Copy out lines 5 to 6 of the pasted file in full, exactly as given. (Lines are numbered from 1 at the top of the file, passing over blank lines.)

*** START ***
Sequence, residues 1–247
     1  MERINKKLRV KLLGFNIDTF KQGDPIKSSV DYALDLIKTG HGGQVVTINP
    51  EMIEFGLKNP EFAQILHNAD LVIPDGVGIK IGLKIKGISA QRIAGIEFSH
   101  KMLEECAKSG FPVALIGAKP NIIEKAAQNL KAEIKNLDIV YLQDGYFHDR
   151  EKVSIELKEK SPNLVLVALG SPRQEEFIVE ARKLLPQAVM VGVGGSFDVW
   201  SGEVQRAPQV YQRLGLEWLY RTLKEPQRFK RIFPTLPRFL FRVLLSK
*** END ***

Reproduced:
   151  EKVSIELKEK SPNLVLVALG SPRQEEFIVE ARKLLPQAVM VGVGGSFDVW
   201  SGEVQRAPQV YQRLGLEWLY RTLKEPQRFK RIFPTLPRFL FRVLLSK